Set up a static website on AWS using S3, Route 53, CloudFront, and Certificate Manager
Here, we’ll set up a static website (think HTML and CSS and no moving parts) hosted on S3, which can be accessed by your own domain, domain.com, protected with SSL (think https:// instead of http://).
Anyone who types in domain.com on their browser will be forwarded to https://www.domain.com so that you can have that fancy “Your connection is secure” lock!
If you are completely new to AWS, I recommend you take a look at the Intro to AWS for Newbies eBook before you embark on this. If you just want to figure out how to create that static website, read on!
We will go over setting up the website where the domain name is registered through Route 53 and where it’s registered using a 3rd party registrar like Namecheap.
Setting up Website with domain registered at Route 53
Purchase domain in question using Route 53
- Go to Route 53 and purchase a new domain for $12 by following the prompts
- If you are purchasing your domain from another registrar, go to “Setting up Website with External Domain Registrar” at the bottom of this page, complete the steps, and come back to continue
Request SSL certificate from AWS Certificate Manager (ACM)
- Go to AWS Certificate Manager (ACM) and request a certificate for www.domain.com
- Include domain.com as another domain to protect with the same certification
- Select DNS Validation and validate via “Create record in Route 53“
- Confirm after 30 minutes or so that validation was completed
Create the website in S3
- Go into S3 and create 2 buckets: domain.com and www.domain.com
- Set domain.com S3 bucket to redirect to www.domain.com
- Protocol should be set to https
- The website will be hosted in the www.domain.com S3 bucket
- In the www.domain.com bucket, set Bucket Policy to THIS:
Here’s AWS’s documentation on how this would work: Setting up a Static Website using Custom Domain
Create new CloudFront Distributions
- Go to CloudFront and create a new distribution
- Choose “Web” for delivery method
- Get the Endpoint URL for domain.com S3 bucket to set as Origin Domain Name instead of the bucket from the dropdown menu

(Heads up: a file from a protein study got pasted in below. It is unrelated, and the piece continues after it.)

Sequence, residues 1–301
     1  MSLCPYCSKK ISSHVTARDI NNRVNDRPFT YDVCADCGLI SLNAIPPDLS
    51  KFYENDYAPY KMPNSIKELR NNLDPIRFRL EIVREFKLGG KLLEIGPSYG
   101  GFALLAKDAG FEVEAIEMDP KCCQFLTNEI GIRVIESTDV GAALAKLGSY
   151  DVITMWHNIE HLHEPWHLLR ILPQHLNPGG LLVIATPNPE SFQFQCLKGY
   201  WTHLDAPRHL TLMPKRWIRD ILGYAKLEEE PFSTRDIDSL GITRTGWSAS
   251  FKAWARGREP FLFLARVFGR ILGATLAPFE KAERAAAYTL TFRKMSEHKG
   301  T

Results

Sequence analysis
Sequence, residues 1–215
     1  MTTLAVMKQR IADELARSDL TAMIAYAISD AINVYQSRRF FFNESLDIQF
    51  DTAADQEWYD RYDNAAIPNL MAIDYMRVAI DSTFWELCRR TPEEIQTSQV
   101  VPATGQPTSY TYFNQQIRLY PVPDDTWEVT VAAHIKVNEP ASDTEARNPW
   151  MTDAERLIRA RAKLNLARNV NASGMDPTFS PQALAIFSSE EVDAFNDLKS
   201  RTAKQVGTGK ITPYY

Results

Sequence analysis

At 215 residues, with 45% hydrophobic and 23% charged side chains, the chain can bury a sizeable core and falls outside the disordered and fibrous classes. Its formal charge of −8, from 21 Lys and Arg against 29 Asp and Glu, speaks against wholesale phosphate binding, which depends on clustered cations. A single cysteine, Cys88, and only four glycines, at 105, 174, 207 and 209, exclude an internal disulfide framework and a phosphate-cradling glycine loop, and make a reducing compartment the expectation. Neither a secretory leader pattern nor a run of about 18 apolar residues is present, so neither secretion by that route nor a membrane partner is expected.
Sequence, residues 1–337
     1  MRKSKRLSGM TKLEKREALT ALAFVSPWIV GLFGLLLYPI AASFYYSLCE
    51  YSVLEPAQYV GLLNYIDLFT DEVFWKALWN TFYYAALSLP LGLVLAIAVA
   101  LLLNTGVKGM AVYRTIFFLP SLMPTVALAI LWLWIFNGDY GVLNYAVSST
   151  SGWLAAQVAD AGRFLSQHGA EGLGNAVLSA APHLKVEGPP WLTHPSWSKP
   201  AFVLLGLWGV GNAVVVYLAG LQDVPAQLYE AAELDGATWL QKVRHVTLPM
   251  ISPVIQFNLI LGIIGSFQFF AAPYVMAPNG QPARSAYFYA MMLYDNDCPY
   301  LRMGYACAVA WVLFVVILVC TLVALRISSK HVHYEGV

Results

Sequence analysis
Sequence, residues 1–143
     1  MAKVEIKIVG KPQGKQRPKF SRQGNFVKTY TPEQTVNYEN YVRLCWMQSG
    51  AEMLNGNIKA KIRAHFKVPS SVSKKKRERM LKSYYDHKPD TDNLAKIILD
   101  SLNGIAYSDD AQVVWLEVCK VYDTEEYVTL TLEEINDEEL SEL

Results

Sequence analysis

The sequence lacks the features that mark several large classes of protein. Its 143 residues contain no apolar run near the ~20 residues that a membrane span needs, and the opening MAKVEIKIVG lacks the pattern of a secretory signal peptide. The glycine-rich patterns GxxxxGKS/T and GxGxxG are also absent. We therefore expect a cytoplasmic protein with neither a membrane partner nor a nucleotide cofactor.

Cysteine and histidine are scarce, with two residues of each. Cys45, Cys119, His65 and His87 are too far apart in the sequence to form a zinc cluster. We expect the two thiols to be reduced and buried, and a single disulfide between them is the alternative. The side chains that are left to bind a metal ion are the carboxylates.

- Go to… S3 -> Bucket Name -> Properties -> Static website hosting
- Looks something like: http://xyzwxyz-12rdklfj3e-us-east-1.s3-website-us-east-1.amazonaws.com
- Set the SSL cert to the certificate just verified with ACM
- Make all HTTP redirect to HTTPS
- Enter domain.com as CNAME
- Leave everything else as default
- This will also take a while to go through
- Create another CloudFront distribution for www.domain.com with same settings
- Enter www.domain.com as CNAME
Here’s AWS’s documentation on how to create this distribution: Speed Up Your Website with Amazon CloudFront
Create A records in Route 53
Go back to Route 53 and create A Records to point to the new CloudFront distributions.
- Create A record for domain.com and point it to the CloudFront distribution for domain.com
- Create A record for www.domain.com and point it to the CloudFront distribution for www.domain.com
- Both can be found in the dropdown under “alias”
Here’s AWS’s documentation on how this works: Using Route 53 for DNS
Setting up Website with External Domain Registrar
Sometimes, the domain extension is not a TLD supported by AWS, so we register using 3rd party like Namecheap. Or you just bought your domain at another registrar, and don’t want to transfer it over to AWS because it’s cheaper.
- Purchase domain in question at the 3rd party registrar
- Go to Route 53 and create a new Hosted Zone for domain.com
- Copy over the Name Server (NS) values (there are 4 of them) from Route 53’s Hosted Zone into the domain registrar’s DNS server settings
- Go back up to the previous section and pick back up at “Request SSL Certificate from ACM“
And that’s it! You can replace the S3 with an EC2 instance, and create the same set up for WordPress if you’d like!
Here’s a tutorial on how you can create a WordPress site on EC2: How to set up a WordPress site on EC2
What Does the Architecture Look Like?
I was streaming this setup on Twitch, and I realized it’ll be nice to have a diagram of the architecture of what we’re building!
We’ve set up 2 sets of CloudFront distributions and S3 buckets to route all different kinds of traffic to all eventually end up at https://www.domain.com.
Below, you can see how the redirects are working for all different ways someone might try to access your website using different combinations of www. and http:// and https://.